Marketing, Not Talent, Is Musical Force

Few argue with the notion that talent is the least important quality of today's crop of pop stars ("After a Rocky Year, Time to Face the Music," Dec. 29).

They exist at the behest of the marketing juggernauts that package and advertise them. Is it any wonder that the record company gets the lion's share of the money when you buy a Britney [Spears]CD? After all, it did most of the work.

The most obvious examples of this reality are the TV shows on which young hopefuls who wanna be a rock star compete for fame and fortune. Simultaneously pathetic and humorous, they prove the point that almost anyone can make it big if they sell themselves to the system.

Bob Fately

Van Nuys


The article about the decline in music sales hit home with me.

I am a buyer of live acts for several venues and I can tell you what everyone in concert booking knows, and that is there have been few acts from 1985 on that have the staying power of more than one or two years, and the industry has done it to itself.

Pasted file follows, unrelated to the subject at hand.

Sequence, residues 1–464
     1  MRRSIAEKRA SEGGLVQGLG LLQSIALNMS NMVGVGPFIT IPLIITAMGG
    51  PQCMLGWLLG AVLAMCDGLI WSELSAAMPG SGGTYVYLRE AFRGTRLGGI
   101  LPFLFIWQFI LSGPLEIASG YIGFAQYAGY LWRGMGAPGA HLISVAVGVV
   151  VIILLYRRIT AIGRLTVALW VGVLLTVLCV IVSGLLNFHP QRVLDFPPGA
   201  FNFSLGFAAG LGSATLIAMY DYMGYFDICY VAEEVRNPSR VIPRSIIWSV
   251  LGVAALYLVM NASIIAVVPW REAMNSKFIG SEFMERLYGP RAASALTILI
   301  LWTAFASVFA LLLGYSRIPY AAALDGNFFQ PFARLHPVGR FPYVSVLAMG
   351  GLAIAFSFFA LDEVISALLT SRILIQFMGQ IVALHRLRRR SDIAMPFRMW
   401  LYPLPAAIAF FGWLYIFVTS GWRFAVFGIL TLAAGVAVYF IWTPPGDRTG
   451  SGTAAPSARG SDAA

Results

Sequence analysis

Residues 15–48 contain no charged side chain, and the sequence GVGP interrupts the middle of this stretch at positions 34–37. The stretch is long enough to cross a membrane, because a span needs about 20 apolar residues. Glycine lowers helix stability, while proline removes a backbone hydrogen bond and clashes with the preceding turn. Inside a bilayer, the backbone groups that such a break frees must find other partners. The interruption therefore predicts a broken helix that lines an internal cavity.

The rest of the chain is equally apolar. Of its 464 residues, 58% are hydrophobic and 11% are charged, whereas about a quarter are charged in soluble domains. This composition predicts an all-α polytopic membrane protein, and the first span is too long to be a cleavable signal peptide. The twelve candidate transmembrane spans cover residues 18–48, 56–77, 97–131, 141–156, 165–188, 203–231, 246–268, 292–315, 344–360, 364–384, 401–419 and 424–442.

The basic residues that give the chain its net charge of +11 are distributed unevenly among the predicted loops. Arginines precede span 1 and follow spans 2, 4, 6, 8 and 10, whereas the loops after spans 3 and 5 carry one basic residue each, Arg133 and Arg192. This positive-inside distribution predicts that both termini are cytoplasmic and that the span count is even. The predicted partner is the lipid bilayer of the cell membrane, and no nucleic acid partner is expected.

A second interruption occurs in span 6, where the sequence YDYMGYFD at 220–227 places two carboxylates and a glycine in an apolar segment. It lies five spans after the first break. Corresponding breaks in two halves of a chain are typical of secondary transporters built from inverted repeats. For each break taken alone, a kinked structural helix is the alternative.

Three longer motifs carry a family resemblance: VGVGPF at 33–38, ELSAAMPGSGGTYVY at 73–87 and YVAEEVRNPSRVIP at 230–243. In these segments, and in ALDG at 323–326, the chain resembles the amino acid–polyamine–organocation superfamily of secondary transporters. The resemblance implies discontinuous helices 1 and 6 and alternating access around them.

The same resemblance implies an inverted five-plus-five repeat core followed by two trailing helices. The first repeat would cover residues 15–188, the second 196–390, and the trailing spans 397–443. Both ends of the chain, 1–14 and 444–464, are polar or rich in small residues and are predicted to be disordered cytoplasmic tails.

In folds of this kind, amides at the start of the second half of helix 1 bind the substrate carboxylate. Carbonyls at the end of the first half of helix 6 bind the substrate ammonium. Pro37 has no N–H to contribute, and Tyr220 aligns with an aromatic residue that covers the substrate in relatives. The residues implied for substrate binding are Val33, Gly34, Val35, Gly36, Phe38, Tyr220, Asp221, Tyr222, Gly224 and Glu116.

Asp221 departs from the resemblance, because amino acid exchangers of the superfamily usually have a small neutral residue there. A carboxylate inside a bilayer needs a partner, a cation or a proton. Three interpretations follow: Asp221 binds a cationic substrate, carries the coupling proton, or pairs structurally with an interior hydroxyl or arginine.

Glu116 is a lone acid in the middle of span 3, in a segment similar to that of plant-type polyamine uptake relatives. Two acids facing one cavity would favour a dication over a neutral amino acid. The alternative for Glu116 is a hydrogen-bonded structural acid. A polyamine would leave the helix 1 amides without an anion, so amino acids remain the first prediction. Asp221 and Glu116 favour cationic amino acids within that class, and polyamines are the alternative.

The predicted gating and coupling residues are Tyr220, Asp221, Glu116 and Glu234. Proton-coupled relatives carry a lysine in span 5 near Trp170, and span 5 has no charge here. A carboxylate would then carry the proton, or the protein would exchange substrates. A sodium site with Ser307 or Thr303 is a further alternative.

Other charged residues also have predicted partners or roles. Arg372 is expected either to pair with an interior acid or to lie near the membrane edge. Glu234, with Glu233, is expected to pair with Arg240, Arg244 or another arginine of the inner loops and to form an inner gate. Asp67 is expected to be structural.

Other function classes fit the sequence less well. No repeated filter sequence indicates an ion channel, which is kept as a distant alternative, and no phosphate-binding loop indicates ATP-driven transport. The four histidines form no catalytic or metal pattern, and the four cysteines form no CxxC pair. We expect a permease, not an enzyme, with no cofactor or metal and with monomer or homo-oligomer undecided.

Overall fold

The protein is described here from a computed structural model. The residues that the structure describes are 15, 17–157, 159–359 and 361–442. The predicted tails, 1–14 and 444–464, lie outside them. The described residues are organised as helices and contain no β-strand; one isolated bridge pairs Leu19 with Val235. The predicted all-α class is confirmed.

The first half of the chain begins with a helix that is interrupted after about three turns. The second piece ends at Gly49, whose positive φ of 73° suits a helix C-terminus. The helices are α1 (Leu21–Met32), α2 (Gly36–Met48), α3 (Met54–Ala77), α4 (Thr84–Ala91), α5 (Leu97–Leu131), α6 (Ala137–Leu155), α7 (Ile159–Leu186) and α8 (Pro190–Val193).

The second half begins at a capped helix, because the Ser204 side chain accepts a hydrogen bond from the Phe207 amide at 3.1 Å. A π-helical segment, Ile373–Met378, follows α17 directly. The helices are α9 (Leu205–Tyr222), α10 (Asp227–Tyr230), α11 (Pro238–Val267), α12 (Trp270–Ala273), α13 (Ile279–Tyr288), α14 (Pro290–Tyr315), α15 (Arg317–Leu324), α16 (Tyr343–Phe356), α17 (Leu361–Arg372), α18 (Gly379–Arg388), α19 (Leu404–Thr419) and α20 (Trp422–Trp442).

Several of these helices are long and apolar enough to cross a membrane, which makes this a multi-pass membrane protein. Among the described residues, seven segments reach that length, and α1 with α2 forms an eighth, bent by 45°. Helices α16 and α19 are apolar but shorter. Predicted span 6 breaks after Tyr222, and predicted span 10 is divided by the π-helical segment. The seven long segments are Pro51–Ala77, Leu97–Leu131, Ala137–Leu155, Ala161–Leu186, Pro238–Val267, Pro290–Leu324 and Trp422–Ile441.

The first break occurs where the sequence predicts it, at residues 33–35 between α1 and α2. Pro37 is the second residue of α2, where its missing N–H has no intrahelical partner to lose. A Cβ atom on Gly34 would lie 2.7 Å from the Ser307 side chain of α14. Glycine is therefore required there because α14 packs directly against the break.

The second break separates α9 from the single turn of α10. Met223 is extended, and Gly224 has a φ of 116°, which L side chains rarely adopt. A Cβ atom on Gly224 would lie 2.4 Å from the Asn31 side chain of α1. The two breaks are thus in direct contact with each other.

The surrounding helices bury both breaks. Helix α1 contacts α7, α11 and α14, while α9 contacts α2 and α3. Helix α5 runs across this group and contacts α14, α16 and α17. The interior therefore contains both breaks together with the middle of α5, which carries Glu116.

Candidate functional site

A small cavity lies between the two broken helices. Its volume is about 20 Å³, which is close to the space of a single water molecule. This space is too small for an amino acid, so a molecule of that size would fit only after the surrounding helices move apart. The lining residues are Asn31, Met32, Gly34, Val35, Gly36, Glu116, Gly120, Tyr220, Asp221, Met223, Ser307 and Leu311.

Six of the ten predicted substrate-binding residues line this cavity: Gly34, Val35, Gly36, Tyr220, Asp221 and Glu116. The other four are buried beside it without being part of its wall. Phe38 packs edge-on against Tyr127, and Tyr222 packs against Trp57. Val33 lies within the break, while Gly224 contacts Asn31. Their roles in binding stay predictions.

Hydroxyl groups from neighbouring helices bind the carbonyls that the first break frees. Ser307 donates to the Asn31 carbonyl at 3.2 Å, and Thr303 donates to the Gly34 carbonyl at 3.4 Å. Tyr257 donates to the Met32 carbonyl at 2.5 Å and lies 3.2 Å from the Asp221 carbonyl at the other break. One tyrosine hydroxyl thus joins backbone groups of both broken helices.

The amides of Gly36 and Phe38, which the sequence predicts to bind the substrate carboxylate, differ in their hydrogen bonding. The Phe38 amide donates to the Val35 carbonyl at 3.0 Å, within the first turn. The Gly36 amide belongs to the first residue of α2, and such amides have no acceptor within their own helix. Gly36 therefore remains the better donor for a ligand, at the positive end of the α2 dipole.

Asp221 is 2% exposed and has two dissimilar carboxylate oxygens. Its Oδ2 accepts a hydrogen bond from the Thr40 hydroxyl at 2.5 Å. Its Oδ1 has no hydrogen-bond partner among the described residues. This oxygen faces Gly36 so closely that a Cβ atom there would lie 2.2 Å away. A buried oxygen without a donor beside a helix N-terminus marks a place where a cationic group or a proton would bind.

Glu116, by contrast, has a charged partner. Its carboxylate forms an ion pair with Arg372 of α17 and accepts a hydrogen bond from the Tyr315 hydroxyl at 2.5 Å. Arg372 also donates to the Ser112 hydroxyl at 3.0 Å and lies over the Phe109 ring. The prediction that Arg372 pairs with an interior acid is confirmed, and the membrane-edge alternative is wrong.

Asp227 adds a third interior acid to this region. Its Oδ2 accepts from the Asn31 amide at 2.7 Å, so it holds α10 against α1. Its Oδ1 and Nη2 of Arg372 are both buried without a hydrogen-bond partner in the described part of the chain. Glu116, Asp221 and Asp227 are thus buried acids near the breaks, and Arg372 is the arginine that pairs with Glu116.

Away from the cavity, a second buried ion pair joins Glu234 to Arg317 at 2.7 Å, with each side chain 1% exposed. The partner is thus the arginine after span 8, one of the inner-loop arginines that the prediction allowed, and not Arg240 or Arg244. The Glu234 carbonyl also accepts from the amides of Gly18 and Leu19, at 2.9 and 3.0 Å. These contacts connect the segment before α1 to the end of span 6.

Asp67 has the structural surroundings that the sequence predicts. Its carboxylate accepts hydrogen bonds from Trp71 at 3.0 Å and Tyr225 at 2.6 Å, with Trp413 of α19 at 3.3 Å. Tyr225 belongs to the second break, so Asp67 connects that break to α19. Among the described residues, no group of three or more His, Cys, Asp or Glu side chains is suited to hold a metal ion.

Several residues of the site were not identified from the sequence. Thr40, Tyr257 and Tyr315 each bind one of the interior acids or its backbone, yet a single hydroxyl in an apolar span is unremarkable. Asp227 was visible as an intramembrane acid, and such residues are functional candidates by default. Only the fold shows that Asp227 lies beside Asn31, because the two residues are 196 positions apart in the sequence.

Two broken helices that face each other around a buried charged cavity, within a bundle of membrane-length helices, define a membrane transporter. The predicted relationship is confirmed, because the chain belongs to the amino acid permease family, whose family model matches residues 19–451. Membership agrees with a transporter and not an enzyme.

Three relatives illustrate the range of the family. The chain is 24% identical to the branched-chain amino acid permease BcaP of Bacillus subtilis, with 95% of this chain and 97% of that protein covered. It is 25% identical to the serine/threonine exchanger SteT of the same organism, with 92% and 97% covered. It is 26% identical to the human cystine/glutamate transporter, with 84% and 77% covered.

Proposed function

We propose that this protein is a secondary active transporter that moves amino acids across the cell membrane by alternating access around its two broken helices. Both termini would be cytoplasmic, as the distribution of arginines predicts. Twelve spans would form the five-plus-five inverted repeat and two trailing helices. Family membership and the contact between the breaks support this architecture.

By lowering the bar of creativity to the point where only die-hard fans of a certain artist or genre will buy that product, the recording industry has ensured that my generation -- which was weaned on the Beatles, Eric Clapton and many other artists who could actually sing and create -- will go elsewhere for entertainment.

Like a farmer who does not think about the long term and ruins his fields, the industry -- in its promoting of fast-talking street punks and others to star status -- is a short-term gain but a losing proposition.

Chuck Heinold

West Hills

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